The Lancashire statement did at least add the club wish to place on record their thanks to John for his 12 years of service to the county. In all First Class matches Crawley scored more than 10,000 runs for Lancashire at an average of more than 50. He wasn’t quite so effective in List A matches, but almost 5,000 runs at more than 30 was a more than useful contribution. I and every other Lancashire supporter I knew were very sorry to see him leave for pastures new.

There had been no place in an England side for Crawley since the final Test of the 1998/99 series so Hampshire Chairman Rod Bransgrove, who had first met Crawley back in 1994/95 in Australia, must have been counting on a full season from his man. In the event it was not to be. Clearly Hampshire expected runs from their new signing, but a betting man would have got long odds on Crawley getting as many as 272 in his first innings for his new county, and when he did the 30 year old once again caught the selectors attention. A Sri Lankan attack deprived by injury of the talismanic Murali were his opponents. Against expectations the visitors secured a comfortable draw. Crawley scored 31 and 41* but he was the only one of England’s six specialist batsmen not to score a half century so, with Alec Stewart and Andrew Flintoff at seven and eight it was Crawley who made way for the extra bowler the selectors decided, rightly as it turned out, was required for the next Test.

Gone maybe, but not forgotten. Crawley was back a couple of months later and, for what was to prove the only time he was to do so, played through an entire home series. Innings of 64 and 100* were a significant factor in England securing only their second win against India in the previous dozen years. He was out after making a start on each of the other four occasions he got to the crease without going past 26, but it was enough to get him out to Australia for his third attempt at what was then the most difficult mission in world cricket.

The 2002/03 Ashes were a familiar story. Australia won the first three Tests at a canter. In the fourth they became a little complacent and managed to lose five wickets in reaching a victory target of 106 before, not for the first time, allowing England to win a meaningless final Test. Michael Vaughan had a magnificent series but, a fluent unbeaten 69 in the first innings of the first Test apart Crawley did not achieve a great deal in the three Tests in which he played. At least this time he was not dropped, injury making him unavailable for the second and third Tests, but that was the end. He had been dropped by England for the tenth and last time.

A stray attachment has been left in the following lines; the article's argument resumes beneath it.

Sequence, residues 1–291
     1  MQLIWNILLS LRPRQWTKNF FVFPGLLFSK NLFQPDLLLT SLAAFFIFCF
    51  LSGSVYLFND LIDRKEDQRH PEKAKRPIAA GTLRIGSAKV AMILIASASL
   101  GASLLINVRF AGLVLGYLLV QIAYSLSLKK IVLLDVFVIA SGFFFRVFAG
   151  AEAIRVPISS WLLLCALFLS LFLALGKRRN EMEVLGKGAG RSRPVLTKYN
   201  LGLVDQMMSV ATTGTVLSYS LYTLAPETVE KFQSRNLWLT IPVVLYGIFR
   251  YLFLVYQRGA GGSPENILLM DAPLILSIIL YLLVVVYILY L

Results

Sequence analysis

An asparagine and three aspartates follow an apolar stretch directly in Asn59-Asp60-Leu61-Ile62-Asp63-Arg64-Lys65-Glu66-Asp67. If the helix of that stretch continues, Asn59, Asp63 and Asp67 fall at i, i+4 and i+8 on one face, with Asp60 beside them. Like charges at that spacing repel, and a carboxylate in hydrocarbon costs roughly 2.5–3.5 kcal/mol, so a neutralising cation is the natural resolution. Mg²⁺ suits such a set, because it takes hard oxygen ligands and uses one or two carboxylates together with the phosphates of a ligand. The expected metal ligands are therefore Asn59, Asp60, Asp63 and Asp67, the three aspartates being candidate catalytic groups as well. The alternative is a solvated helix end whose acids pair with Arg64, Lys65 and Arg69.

Persuaded to take on the Hampshire captaincy for 2003, pending the hoped for appointment of Shane Warne for 2004, neither Crawley nor the county enjoyed a good summer. For the first time Crawley failed to make a century in a full season and he averaged just 33.76. It was hardly surprising the selectors looked elsewhere. The following season would have been similar, had it not have been for the game against Nottinghamshire at Trent Bridge. When he made that 272 on debut Crawley cannot have imagined that it would be more than two years before he tonned up for Hampshire again, or that when he did so he would surpass his first effort. That both sides scored more than 600 says all that needs to be said of the state of the wicket, but an unbeaten 301 certainly boosted Crawley’s figures for the season.

In 2005 it was more of the same albeit Crawley did manage three centuries – Nottinghamshire must have grown heartily sick of him however as, in the last Championship match of the summer, he made an unbeaten 311 against them. Critics would point out that nothing turned on the match, Nottinghamshire having already won the title and resting three key players including their leading bowlers Mark Ealham and Ryan Sidebottom. Crawley was given a life on 28 as well, but it could never be said he was not a man to exploit good conditions when he found them, the innings being his seventh in excess of 250.

Perhaps it was that innings that inspired Crawley to spend the following winter working on his technique. That it was time well spent was amply demonstrated as he rolled back the years in 2006. In 16 appearances there were more than 1,700 runs, six centuries, and seven more innings of over 50 for an average of 66.80. Wisden described it as a summer of glorious achievement. There was talk of an England recall and a fourth Ashes trip. In a clever double bluff Shane Warne put the mockers on that one by declaring Crawley the best player of spin in England, and that he should be a certainty for selection. Those charged with the task of choosing the party fell for it and, remembering many previous instances of Australians trying to secure the selection of Englishmen ill-equipped for the task ahead, Crawley was left out. They had another chance to pick Crawley when Marcus Trescothick pulled out, but went for Ed Joyce instead. They should have listened to Warnie, as the memory of that dreadful 5-0 thrashing reminds us.

There were three more summers for Crawley before retirement. He never shone so brightly again as in 2006, but he did pretty well in 2007. The following year was his benefit year. Hampshire no longer publish accounts for beneficiaries but he will not have got as much as he would have got had he stayed with Lancashire, and he would have had his benefit a good deal sooner at Old Trafford. In 2009 Crawley announced that he did not wish to stand in the way of Hampshire’s younger batsmen and retired. He went into teaching and coaching, first at Marlborough College, then Magdalen College Oxford after which he returned to the Public Schools, firstly with Oakham followed by his current position at Oundle.